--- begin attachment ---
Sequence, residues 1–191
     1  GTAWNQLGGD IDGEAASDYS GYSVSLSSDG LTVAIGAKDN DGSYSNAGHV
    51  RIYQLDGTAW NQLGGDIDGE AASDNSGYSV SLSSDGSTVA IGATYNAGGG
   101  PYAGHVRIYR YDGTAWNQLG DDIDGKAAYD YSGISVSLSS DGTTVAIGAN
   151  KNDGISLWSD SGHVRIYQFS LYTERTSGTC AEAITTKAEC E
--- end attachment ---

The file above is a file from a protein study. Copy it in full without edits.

Sequence, residues 1–191
     1  GTAWNQLGGD IDGEAASDYS GYSVSLSSDG LTVAIGAKDN DGSYSNAGHV
    51  RIYQLDGTAW NQLGGDIDGE AASDNSGYSV SLSSDGSTVA IGATYNAGGG
   101  PYAGHVRIYR YDGTAWNQLG DDIDGKAAYD YSGISVSLSS DGTTVAIGAN
   151  KNDGISLWSD SGHVRIYQFS LYTERTSGTC AEAITTKAEC E